Remembering: Roy Halladay


I think I'm ready to talk about the trade now.  I know it took a while.  I have no idea where this one is going to go but I hope you enjoy the ride.....

Harry Leroy Halladay.  AKA Doc

Your Toronto Blue Jays selected him the first round, 17th overall, in the 1995 MLB June Amateur Draft as an 18 year old.  He rocketed through the minor leagues, reaching AAA by 1997 and the Majors in 1998 as a 21 year old.  Things looked good.  At the time we had three young right handed pitchers who seemed destined for success.  They were Chris Carpenter, Kelvim Escobar and Roy Halladay.

But everything became unraveled.  Carp suffered some devastating arm injuries, Kelvim was bounced between the rotation and the bullpen and Doc got sent all the way back down to High A ball in 2001.  He was told he needed to completely change his pitching mechanics and find some consistency.  Instead of bitching and moaning like some of our current players did about being demoted, Doc went down and just did his work.  I'm sure he was bitterly disappointed but he never let anyone know about it.  By the end of 2001, he was back up in AAA.  He started 2002 on the major league roster and went 19 - 7 in 34 starts amassing 239.1 innings and received his first of six all star game nominations.  In 2003 he won his only Cy Young award.  His numbers were ridiculous for a modern day pitcher.  22 - 7 record, 266 innings, 36 starts, 9 complete games.  But the most amazing stat for me in that season was his walk totals.  That year he faced 1071 hitters and walked 32 of them.  Mind blowing stuff.        

For his career he has 49 complete games in 287 starts, 15 of them shutouts.  17% of the time he took the ball, Doc finished what he started.  For me, the best part of any of his games was when the manager went out to the mound to talk to him for the first time in an inning.  Literally, a three second conversation ensued.  I can only imagine how it went, but if I had to guess:

Manager says, "Doc you look a little tired."
Doc replies, "What's tired?  Now go back to the dugout and let me get back to work."     

I remember early in the 2008 season when he pitched four complete games in a row and remarkably we somehow managed to lose three of them.  I guess that sums up his career here in Toronto better than anything else I could ever say.

April 12: 4 - 1 win
April 17: 4 - 1 loss
April 23: 5 - 3 loss
April 29: 1 - 0 loss

It was always a fast game when he was on the mound.  I figured it out that last year the average length of the games he started was 2 hours and 45 minutes.  Doc worked quickly, efficiently not wasting any time between pitches.  He pounded the strikezone, almost seeming to dare hitters to swing.  His focus was second to none and watching him set up his prey was an absolute treat for me being a former catcher.  

"I want to throw a lot of innings, and I want to give the team a chance," Halladay said. "I try to be aggressive and pitch to contact."

And give us a chance to win you did sir.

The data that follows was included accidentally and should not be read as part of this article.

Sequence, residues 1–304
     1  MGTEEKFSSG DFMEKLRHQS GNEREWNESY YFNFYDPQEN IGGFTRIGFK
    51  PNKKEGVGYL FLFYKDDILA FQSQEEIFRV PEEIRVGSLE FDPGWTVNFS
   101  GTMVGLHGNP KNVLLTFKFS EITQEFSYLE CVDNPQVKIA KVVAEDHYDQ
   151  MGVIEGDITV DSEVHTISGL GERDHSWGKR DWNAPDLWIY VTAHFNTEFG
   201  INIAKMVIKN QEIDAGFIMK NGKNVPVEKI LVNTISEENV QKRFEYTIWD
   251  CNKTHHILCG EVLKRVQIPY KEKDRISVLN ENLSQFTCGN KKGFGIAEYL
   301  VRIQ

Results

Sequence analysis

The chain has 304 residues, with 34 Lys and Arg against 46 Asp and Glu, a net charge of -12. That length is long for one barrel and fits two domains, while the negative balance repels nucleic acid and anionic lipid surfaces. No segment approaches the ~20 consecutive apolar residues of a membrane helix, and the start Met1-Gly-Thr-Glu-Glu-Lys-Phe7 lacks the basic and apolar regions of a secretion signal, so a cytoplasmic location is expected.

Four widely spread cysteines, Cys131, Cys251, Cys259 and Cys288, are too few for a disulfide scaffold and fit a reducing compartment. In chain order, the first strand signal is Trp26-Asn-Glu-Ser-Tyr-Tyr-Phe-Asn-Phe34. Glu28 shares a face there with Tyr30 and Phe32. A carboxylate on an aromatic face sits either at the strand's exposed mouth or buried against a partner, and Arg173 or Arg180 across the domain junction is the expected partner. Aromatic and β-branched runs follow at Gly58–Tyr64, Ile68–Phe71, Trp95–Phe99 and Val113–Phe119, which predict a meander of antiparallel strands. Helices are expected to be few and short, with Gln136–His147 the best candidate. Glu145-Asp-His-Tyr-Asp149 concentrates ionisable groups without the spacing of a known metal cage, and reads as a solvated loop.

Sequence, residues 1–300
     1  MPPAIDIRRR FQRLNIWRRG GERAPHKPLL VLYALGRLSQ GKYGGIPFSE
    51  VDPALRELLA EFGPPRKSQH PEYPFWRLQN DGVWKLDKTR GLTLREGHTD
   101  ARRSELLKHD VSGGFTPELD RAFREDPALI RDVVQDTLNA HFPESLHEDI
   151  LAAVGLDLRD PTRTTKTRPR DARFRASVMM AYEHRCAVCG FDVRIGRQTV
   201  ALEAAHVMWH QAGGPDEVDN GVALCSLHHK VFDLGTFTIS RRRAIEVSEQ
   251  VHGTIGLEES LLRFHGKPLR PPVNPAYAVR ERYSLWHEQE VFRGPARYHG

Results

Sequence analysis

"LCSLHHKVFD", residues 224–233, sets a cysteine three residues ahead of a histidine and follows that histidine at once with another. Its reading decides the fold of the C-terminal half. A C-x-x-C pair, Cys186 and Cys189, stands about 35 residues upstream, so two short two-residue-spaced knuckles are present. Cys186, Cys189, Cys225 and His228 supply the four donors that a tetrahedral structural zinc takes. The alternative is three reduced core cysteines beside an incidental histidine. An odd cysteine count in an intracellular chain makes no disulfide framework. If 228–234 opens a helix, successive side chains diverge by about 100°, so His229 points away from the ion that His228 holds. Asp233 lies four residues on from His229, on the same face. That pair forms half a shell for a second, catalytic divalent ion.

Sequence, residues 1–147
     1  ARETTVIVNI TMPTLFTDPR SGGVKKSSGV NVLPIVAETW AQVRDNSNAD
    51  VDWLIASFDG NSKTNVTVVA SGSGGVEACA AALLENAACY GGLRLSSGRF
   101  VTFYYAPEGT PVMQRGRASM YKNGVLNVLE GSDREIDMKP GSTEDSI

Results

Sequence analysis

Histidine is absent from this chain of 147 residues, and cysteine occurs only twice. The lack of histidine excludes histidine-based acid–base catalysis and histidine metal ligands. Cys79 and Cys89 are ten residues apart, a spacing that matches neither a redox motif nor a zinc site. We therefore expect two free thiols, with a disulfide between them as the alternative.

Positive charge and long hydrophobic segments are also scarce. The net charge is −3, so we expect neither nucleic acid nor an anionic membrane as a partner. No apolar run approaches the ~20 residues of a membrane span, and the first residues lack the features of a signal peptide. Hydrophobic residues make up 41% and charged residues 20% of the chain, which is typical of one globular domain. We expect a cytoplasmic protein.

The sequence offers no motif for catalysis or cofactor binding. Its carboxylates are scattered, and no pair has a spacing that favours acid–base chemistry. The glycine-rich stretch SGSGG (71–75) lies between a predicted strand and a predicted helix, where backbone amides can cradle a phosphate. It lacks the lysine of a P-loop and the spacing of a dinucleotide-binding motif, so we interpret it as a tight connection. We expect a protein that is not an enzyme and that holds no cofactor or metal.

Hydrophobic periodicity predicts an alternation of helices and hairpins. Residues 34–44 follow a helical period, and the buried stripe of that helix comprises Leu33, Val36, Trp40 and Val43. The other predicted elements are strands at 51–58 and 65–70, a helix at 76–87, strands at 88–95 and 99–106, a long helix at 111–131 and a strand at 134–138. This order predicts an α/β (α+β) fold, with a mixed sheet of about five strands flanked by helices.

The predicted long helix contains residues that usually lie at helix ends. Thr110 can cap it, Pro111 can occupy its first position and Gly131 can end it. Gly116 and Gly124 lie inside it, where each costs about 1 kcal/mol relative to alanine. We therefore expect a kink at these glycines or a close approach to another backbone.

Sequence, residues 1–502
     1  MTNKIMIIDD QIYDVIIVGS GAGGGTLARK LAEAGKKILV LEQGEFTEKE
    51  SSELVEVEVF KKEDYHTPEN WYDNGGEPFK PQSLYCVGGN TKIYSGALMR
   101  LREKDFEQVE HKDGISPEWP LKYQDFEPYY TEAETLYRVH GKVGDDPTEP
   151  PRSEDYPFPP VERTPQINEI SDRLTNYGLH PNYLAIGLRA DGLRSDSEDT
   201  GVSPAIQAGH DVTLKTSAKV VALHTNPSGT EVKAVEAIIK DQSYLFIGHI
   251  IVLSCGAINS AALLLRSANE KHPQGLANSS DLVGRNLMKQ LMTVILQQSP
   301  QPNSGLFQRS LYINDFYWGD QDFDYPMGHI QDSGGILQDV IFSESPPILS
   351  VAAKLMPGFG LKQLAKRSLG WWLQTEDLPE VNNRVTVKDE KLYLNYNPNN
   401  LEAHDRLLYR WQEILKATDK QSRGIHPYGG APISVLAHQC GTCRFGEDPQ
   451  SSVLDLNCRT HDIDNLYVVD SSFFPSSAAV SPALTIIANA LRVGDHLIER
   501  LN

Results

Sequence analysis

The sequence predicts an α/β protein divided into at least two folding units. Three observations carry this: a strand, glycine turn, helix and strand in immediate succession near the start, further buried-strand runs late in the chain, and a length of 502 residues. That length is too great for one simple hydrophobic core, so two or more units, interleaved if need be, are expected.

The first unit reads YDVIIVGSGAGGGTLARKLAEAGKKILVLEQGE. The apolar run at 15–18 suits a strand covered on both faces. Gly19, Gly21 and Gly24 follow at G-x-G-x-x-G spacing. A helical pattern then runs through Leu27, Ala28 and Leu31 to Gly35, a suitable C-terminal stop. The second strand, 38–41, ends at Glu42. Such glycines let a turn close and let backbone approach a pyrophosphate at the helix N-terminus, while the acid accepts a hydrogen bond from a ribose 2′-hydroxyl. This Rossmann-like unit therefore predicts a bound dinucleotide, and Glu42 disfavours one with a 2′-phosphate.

Personally, I felt we were the best team in baseball every five days.  I truly did.  We never needed to score many runs with The Doctor on the mound and we usually didn't.  I remember more than once writing the dates he was projected to pitch in my calendar and trying to keep them free so I could watch the surgeon preform his work.

Doc was always a bright light in a sometimes (mostly) dark season.

Day in and day out, he took the ball and executed.  To me, the mark of an athletes greatness in any sport is how he preforms when he doesn't have his A material or "best stuff".  Anybody can be great some of the time.  Some guys are able to be great more than they are not.  Doc was good enough to win, even with this offense, when he didn't have command of all of his pitches.  Normally it was his curveball that would disappear, occasionally it was his cutter.  On those days, he was forced to battle hitters.  Jacking up the pitch count and refusing to give in.  It was still good enough to give us a chance to win.

Over the years, people here in Toronto seemed to take his brilliance for granted.  They must have assumed Doc would be a Blue Jay for life due to the fact he signed TWO under market value extensions to stay.  Always saying, I just want to win and by signing for less we can spend that money on other players.  The players union must have been pissed with his decision for obvious reasons but he still did it anyway.  A true team guy.  A lifelong Blue Jay.  But then it all changed.....

Last summer we began to hear rumblings that Doc may be available on the trade market.  J.P. was just throwing his name around in the media and making it seem like he wanted to leave.  Selfishly I didn't want to believe it.  Not Roy.  ANYBODY but Roy.  The fans reacted and quickly made their voices heard.

But deep down inside, how could we blame him for wanting to leave? 

Doc waited most of his career for the brain trust to surround him with reinforcements, even providing them with the $ to do it.  There was always an excuse, first it was the difference in the Canadian dollar vs the US dollar.  We made our revenues in CAD and paid our expenses in USD.  When the exchange rate was at 65 cents, that excuse seemed valid.  But things slowly started to even out.  Still no help.  Then they bitched about not owning the stadium, so they tanked a few seasons and drove down attendance.  Ultimately they got the stadium for dirt cheap and did try to spend some money on players.....it just didn't work out.